The university has denied eight of the 17 recently evicted residents of Santa Cruz Residence Hall an appeal, forcing them to now pack up and leave their rooms by 2 p.m. today.

The accused residents of the hall’s 1300 wing said university officials allege they have caused hundreds of dollars worth of damages to the hall and have harassed hall employees. Those accused said they filed an appeal with Vice Chancellor Michael Young on Thursday morning in hopes of having their stay extended until a hearing could be scheduled. Young did not return phone calls seeking comment Thursday.

Of the eight who were denied an appeal, at least three said they will leave by this afternoon, but had no alternative housing options. The nine residents who lodged successful appeals will remain in the hall until a hearing with university officials can be scheduled.

Wilfred Brown, executive director of Housing & Residential Services, said the 17 who were selected for eviction violated housing rules and regulations. He said he ultimately made the decision to send eviction letters to the residents.

“The facts kept piling up and this was the time… to put an end to this,” Brown said. “Their behavior is not indicative of what we believe a student who lives in the community should be doing.”

Listed in the complaints against the students are: repeated consumption of alcohol in residence halls, urination in the hall, vomiting in the hall and destruction of the hall bathroom, said Cameron Snyder, one of those who was given a letter of eviction. The 17 were also accused of harassing resident assistants.

Santa Cruz RAs declined to comment, citing a gag order from supervisors.

Daniel Howard, one of the residents who was denied an appeal, said he was not responsible for any of the charges brought against him. Furthermore, he said he has not been presented with any evidence of his guilt nor has he heard from any witnesses.

“I’ve had people [I don’t know] identify me as a sex offender and a bigot,” Howard said. “They’re blaming me for feces on the wall… and peeing under [the resident director’s] door… I’ve been found guilty without a trial.”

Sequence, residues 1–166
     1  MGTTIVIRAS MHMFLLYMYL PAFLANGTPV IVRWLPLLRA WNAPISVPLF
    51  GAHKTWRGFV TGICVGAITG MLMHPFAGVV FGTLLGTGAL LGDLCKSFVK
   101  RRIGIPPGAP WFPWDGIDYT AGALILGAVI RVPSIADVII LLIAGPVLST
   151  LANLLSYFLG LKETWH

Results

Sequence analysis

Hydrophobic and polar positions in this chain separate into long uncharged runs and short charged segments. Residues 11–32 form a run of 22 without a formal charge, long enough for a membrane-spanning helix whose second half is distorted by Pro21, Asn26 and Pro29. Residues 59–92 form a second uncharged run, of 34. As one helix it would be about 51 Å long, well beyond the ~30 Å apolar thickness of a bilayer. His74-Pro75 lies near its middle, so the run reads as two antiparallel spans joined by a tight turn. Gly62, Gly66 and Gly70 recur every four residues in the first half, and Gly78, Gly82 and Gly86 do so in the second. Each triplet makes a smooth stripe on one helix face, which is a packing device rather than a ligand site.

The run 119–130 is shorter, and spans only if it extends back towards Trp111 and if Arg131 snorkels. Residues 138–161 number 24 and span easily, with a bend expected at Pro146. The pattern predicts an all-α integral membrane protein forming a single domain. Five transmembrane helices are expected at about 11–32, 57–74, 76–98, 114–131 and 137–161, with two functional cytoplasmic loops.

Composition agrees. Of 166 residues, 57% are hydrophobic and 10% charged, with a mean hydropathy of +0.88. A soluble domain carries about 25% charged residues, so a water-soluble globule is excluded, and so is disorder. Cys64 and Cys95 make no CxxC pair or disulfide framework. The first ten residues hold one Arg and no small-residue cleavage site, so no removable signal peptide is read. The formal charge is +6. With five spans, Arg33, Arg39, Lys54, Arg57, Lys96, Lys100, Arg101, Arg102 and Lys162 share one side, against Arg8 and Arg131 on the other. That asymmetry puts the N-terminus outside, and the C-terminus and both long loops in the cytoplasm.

One resident said he felt there was an inconsistency in the university bureaucracy because some residents who had no citations, or at most one citation, were denied an appeal, while others with as many as three citations were allowed to stay.

A few of the residents said they were not sure where they could live or move their personal belongings. Three of those evicted said they would be living in cars beginning today until they could find somewhere better. One resident said he would be dropping out of UCSB because he had become “disillusioned” with the efficiency and fairness of its bureaucracy.

Snyder said although he was allowed to stay in the hall until a hearing could be scheduled, he felt the entire process of selecting a guilty party was arbitrary.

“Without my friends the 1300s won’t be the same,” Snyder said. “[I guess] they have to pin the blame on someone.”

Brown said despite what the residents said of their record, the reports and complaints against them were reason enough to dismiss them from the residence halls.

“We obviously would rather not be in this place,” Brown said. “But at the same time we didn’t put ourselves in this place — they did.”